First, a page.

In other words, it's all about you.

So, when is the ELCA going to apologize for Luther's rants against the Jews and the Judensau? Or, since there is a Judensau at the cathedral in Uppsala, Sweden from the 14th century, when are you going to apologize for your ancestors? Make it a personal, emotional one.

http://www.concordatwatch.eu/topic-50027.834

Although most of the hyperbolic commentary here is not helpful, I agree that the 500th Anniversary of the Reformation does provide the LWF and its global partners including the ELCA, along with the LCMS and its global partners, a fine opportunity to release statements opposing anti-Semitism and its connections to Lutheranism through Luther's late-life tracts and opinions.

Dave Benke

Publish the 1983 resolution?

I fear that would be seen as too little, too late by some.  Because it is NEVER enough. And we (especially LCMS of Germanic heritage!)are not sorry enough.  And we are not good enough.  And what about the homosexuals?  And Walther's "pro-slavery" stand?  And the Indians.  And the poor.  And __________ and _________ and __________. 

The same sort of folks who get upset at confessing that we are poor, miserable sinners (how dare anyone condemn abortion, or homosexuality, or any of the other things we NOW say are OK?) seem to take delight in groveling and wallowing in the sins of others, in the distant past.  THOSE we will confess, because we are better.  Or more enlightened.  Or because it takes the light off of MY sins, today.
« Last Edit: October 15, 2015, 09:30:34 AM by Steven W Bohler »

Donald_Kirchner

  • ALPB Contribution Leader
  • *****
  • Posts: 12507
    • View Profile
Re: Celebrate the 500th anniversary
« Reply #131 on: October 15, 2015, 09:38:54 AM »
Because it is NEVER enough. And we (especially LCMS of Germanic heritage!)are not sorry enough.

Indeed.


The RCs:

"[In 1959] Bishops began to speak out about the Holocaust, and in 1961 the bishops responded to the Eichmann trial by singling out the Jews as victims and presenting Germans as perpetrators who acted out of antisemitic hatred. The bishops instructed that a prayer be recited in all Catholic Churches on June 11, 1961, begging the Lord to “lead all to understanding and change of outlook, and those who among us were also guilty, through conduct, neglect or silence [help] atone for our sins.” In statements immediately before and after the Second Vatican Council, the German bishops owned up to the guilt of their country and their church for Nazi crimes.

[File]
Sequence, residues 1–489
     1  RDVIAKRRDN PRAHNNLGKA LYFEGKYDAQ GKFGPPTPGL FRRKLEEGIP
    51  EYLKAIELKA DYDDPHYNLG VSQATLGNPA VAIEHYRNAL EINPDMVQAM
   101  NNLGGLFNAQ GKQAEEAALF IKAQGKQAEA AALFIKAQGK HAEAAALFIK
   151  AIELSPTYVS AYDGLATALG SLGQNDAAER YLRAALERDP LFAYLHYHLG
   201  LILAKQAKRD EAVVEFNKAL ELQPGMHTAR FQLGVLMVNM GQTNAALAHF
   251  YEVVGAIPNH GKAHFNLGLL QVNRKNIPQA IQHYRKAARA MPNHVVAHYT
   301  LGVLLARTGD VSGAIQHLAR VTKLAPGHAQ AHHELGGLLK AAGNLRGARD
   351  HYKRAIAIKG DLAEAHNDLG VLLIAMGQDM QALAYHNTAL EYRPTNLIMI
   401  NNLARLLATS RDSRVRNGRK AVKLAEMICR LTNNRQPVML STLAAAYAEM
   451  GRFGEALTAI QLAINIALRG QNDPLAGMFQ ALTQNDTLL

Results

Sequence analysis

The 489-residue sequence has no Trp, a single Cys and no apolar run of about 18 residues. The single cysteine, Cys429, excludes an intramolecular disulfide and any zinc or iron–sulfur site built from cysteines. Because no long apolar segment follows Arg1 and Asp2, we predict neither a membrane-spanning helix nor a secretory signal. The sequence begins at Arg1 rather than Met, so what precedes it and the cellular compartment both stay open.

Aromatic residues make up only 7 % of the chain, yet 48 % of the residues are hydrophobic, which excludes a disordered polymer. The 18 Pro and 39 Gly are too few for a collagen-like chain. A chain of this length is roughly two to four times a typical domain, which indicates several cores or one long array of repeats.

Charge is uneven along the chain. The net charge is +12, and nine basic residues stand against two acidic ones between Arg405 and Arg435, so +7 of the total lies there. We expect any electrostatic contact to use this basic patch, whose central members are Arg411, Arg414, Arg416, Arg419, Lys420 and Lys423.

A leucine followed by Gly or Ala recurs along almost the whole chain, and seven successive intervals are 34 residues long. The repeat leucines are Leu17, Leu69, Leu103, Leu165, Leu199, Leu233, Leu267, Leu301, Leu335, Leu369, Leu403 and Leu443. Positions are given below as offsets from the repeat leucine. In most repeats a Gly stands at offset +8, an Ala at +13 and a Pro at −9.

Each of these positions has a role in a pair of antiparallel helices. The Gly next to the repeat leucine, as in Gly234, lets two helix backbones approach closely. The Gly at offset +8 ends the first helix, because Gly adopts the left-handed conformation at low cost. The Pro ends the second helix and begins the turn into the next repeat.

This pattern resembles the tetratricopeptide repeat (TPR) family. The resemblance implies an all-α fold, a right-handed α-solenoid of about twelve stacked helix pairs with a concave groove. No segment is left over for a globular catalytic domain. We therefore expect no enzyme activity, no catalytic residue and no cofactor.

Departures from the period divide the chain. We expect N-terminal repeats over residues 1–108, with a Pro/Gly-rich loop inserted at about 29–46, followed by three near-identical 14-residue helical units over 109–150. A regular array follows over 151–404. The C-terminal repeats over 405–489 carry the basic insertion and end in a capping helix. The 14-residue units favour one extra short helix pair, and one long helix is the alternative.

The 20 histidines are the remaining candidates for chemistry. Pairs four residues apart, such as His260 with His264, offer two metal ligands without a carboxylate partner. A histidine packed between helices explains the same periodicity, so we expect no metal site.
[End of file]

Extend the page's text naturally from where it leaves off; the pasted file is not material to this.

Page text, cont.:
In November 1975, the common Diocesan Synod issued a document entitled “Our Hope,” in which they admitted that the German Catholic Church turned its back too often on the fate of persecuted Jewish people, worried too much about the threat to its own institutions, and remained silent about the crimes committed against the Jews and Judaism. The statement ends with the striking assertion that the German churches have “a special obligation within the universal church precisely to bring about a new Christian relation to the Jewish people and its religious history.”

The “Declaration on the Relationship of the Church to Judaism,” issued by the German bishops in Bonn in May 1980, again acknowledged the church’s guilt and called on Germans to rip out the evil of antisemitism at its roots. “In Germany we have particular cause to ask forgiveness of God and of our Jewish brethren.... we may not, nor do we wish to, either forget or suppress what has been done by our nation to the Jews.” The document calls attention to all the positive elements found in Judaism and to all the commonalities linking Christianity and Judaism, and even though it interprets Jesus’ statement that “salvation is from the Jews” to mean that everyone is saved through Jesus Christ, and it had nothing to say about two major issues, the state of Israel and the mission to the Jews, the document represented an advance in the official position of the German Catholic Church.

In 1988, on the fiftieth anniversary of Kristallnacht, the German and Austrian bishops issued a joint declaration focusing on the Church’s reaction to the national pogrom that took place on the night of November 9-10, 1938. They acknowledged that after the event “our predecessors in the episcopate did not raise a common protest from the pulpit.” In other words, they admitted that the official Church had been silent. They expressed understanding for the difficult situation the bishops were in at the time, but they asked “if in November 1938 yet other expressions of brotherly solidarity would not have been possible and expected,” and they said that the failure to do something “saddens us today.” The bishops went on to encourage stronger ties and increased dialogue between Christians and Jews.

On January 23, 1995, the German bishops issued a statement on the occasion of the fiftieth anniversary of the liberation of Auschwitz. The bishops declared that “many times there was failure and guilt among Catholics” and that “the failure and guilt of that time have also a church dimension.” Calling on German Catholics to reject antisemitism and to cultivate mutual contacts with Jews, the bishops made it clear that the position of the Catholic Church at the end of the century was radically different from that of the amnesia-filled 1950s."